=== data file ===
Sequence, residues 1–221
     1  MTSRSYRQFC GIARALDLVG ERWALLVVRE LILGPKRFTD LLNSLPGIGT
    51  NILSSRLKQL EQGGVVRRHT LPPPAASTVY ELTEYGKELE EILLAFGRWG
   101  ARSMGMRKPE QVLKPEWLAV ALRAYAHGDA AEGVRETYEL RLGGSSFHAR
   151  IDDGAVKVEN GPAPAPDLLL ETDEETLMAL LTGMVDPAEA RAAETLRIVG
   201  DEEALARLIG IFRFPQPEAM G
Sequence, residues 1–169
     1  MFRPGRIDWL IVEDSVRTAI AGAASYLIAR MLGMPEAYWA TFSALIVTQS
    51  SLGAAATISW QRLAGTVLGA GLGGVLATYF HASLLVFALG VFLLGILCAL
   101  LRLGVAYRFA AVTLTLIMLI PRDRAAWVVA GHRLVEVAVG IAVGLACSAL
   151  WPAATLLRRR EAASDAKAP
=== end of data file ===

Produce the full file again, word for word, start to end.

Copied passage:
Sequence, residues 1–221
     1  MTSRSYRQFC GIARALDLVG ERWALLVVRE LILGPKRFTD LLNSLPGIGT
    51  NILSSRLKQL EQGGVVRRHT LPPPAASTVY ELTEYGKELE EILLAFGRWG
   101  ARSMGMRKPE QVLKPEWLAV ALRAYAHGDA AEGVRETYEL RLGGSSFHAR
   151  IDDGAVKVEN GPAPAPDLLL ETDEETLMAL LTGMVDPAEA RAAETLRIVG
   201  DEEALARLIG IFRFPQPEAM G
Sequence, residues 1–169
     1  MFRPGRIDWL IVEDSVRTAI AGAASYLIAR MLGMPEAYWA TFSALIVTQS
    51  SLGAAATISW QRLAGTVLGA GLGGVLATYF HASLLVFALG VFLLGILCAL
   101  LRLGVAYRFA AVTLTLIMLI PRDRAAWVVA GHRLVEVAVG IAVGLACSAL
   151  WPAATLLRRR EAASDAKAP